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Mickey Leigh in conversation.

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Growing up as Joey Ramone’s brother, Mickey Leigh has been a figure in the New York City punk scene since the 1970’s founding such bands as The Rattlers, Sibling Rivalry (with Joey Ramone), STOP, and plenty more.

 

This year saw his first solo full-length release under the name Mickey Leigh’s Mutated Music. His new album,Variants of Vibe out on Wicked Cool Records dropped on February 18.

Mickey Leigh in conversation.

In addition to Variants of Vibe, Mickey Leigh is the executive producer of the upcoming Netflix movie based on his book, I Slept With Joey Ramone: A Memoir. The book is based on his experience growing up the brother of Joey Ramone in Forest Hills, Queens. The movie stars Pete Davidson as Joey Ramone.

 

Your correspondent reached out to Mickey Leigh via email to pose a few questions. An edited transcript of that conversation follows.

 

WG: Tell us about the song writing and recording behind your new album. 

 

Mickey Leigh:I re-recorded a few songs that i’d written previously and made demos of but had never been released, and combined them with songs I’d written recently – within the past year or two and wound up with an overabundance of songs to choose from. Most of the tracks that would go on the album had been determined already. But, with all the new songs, in trying to narrow the album down to 14, I was faced with the problem of having too many I felt were really great, strong songs… and couldn’t decide. Of course, that’s a good problem to be faced with.  The people at Wicked Cool helped solve that problem by making the call on which 3 additional songs, from the batch of potentials, should go on the album.

 

I read on your website the quote: “OUR GOAL: TO RESCUE ROCK N ROLL… ONE SONG AT A TIME.”

 Do you feel a sense of obligation to help keep Rock and Roll alive?

 

I don’t feel that it’s my obligation to keep rock n roll alive. I’m just volunteering my services. Doing what i can to help keep the genre of music i love vibrant, lest it totally deteriorates into a reconstituted meat by-product, or something heard only as spare parts of hip-hop/rap songs. I’d also hate to see it become so formulated that new Rock and Roll songs will be like when they re-do the Kars-4-Kids jingle. For me, it’s all about presenting songs that are vital and personally relatable. Giving the listener something meaningful, fun and interesting enough that they’ll hear something slightly different in it with each listen but also, regardless of tempo, still has that inherent groove that causes you to wanna move. The elements that got people excited the first time they heard a great rock ‘n roll song.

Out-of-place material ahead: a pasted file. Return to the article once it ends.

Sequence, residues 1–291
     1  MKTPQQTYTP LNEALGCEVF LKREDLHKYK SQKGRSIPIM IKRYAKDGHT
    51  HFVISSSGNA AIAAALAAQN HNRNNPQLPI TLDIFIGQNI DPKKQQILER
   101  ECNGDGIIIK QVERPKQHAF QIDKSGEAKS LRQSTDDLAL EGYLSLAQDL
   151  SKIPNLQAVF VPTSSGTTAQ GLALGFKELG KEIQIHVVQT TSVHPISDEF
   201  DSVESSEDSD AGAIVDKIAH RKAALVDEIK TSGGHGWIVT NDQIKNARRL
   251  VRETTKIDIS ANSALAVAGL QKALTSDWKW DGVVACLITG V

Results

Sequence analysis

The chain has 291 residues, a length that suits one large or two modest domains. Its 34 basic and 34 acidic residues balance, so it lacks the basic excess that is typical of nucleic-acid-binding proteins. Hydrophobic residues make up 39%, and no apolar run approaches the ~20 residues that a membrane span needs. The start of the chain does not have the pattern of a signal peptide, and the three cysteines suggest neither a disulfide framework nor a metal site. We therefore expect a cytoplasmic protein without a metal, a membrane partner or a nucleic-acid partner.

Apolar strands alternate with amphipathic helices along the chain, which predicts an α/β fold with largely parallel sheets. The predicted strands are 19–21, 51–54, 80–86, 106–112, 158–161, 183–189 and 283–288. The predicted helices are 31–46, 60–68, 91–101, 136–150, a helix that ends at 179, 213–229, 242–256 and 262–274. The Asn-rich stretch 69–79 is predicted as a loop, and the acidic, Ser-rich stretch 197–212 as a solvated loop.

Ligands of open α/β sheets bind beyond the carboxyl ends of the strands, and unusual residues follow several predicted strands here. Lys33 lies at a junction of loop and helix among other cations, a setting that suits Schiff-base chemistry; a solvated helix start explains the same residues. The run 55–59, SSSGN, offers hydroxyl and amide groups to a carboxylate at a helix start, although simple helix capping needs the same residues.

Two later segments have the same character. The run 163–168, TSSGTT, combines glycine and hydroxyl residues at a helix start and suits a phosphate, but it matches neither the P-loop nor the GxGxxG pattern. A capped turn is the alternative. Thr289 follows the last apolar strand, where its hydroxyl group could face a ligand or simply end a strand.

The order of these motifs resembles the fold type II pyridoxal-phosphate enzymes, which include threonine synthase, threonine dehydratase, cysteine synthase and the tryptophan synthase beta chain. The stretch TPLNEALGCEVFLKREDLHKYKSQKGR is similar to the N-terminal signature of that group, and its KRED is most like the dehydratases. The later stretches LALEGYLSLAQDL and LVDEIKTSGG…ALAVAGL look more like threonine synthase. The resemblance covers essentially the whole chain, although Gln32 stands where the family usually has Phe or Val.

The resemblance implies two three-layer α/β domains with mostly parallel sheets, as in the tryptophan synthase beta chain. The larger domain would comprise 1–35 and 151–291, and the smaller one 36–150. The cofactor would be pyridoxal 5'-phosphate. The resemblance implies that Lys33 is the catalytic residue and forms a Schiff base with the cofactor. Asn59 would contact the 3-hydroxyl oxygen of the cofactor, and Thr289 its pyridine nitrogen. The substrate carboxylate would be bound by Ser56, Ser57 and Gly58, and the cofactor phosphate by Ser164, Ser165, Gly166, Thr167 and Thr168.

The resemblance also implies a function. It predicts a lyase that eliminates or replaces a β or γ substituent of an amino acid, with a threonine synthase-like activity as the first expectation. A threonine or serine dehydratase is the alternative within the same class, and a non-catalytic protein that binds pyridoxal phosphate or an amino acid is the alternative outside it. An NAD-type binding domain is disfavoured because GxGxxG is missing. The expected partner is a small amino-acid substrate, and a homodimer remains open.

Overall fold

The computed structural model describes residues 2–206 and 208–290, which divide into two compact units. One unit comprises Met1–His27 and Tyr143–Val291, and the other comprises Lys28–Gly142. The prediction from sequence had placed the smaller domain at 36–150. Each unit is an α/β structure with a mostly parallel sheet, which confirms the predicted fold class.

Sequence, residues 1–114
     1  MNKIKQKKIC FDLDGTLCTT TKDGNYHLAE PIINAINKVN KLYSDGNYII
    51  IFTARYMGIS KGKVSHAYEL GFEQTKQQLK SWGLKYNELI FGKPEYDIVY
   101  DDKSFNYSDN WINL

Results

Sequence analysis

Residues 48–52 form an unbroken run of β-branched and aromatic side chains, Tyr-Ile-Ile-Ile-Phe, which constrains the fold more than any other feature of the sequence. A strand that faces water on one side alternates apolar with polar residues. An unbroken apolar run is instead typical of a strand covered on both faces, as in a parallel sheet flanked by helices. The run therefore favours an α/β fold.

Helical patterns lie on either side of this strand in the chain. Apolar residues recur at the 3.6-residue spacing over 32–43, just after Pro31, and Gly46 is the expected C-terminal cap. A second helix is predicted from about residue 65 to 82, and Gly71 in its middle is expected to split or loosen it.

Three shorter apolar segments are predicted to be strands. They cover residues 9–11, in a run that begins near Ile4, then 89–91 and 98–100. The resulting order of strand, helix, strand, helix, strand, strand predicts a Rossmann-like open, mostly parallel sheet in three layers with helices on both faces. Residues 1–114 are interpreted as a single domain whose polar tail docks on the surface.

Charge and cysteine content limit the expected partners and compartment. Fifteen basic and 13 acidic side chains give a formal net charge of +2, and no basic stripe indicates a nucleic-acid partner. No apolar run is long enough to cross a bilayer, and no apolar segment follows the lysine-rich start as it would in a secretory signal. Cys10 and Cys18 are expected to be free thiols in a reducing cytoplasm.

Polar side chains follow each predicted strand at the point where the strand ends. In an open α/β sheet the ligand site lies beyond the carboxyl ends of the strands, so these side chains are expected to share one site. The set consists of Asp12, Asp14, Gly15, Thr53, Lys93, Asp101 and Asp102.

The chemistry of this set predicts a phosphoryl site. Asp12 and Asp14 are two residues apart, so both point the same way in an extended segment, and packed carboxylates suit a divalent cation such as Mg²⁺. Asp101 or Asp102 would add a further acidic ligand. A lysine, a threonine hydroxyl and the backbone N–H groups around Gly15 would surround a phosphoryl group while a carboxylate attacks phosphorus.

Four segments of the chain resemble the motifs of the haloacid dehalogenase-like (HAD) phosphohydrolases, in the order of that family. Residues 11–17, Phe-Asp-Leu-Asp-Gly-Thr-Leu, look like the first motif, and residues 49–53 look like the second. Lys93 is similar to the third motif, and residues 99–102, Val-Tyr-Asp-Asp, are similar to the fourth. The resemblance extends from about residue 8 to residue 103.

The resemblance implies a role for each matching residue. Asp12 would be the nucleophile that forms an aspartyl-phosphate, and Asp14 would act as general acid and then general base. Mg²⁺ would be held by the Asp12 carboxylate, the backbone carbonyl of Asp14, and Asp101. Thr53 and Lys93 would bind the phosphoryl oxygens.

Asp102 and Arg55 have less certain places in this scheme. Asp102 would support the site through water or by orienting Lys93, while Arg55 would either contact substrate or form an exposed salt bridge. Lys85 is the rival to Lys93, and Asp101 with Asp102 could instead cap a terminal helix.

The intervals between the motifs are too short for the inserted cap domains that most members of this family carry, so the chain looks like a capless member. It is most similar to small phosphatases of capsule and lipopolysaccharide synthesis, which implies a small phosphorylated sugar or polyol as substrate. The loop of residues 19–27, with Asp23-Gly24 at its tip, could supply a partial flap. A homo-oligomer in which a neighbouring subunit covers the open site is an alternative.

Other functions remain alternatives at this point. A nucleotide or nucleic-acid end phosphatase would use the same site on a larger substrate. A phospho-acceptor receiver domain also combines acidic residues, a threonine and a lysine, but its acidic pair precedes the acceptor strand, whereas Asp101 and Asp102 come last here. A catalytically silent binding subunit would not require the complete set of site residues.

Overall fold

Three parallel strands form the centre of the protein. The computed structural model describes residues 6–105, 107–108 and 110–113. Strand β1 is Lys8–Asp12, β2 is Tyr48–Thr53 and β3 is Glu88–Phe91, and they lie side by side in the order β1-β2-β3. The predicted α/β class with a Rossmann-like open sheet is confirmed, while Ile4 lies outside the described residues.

How do you keep it fresh without compromising your influences?

 

I don’t over think it. Just let it flow.

 

Describe something that made the New York City music scene of the late 70’s and 1980’s a tremendous time and place.

 

Cheap beer, free admission (if you played at the clubs you went to), and the element of surprise. Everything happening at that time was unpredictable.

 

What is something that separates bands that make it from bands that don’t?

 

Luck.

 

When you were a roadie with the Ramones did you ever feel that they would continue to have the impact that they still do?

 

I, obviously, couldn’t foresee that far into the future. But, after a year or so, as they began to become more popular, I did feel that they should give me a raise from my $50 a week salary.

 

Describe one of your personal highlights as a musician.

 

When i was a teenager, in the early 70’s, i was in a cover band that got jobs at “strip” clubs, where girls danced to live bands. The last thing the customers there cared about were the bands on the stage, where the 80% nude girls were dancing. But, one night i played a guitar solo and was surprisingly rewarded with a huge round of applause from the crowd of blue collar clients. In those places, that was a near-impossible feat.

 

What Mickey Leigh song should everyone hear?

 

Everyone should hear everyone of them.

 

What makes those songs great?

 

Your ears.

 

Where is the most interesting place one of your songs has been played?

 

My head.

 

Are you planning on touring?

 

Absolutely.

 

What is something you haven’t done yet that you want to do?

 

Well, i want to finish this interview for you…

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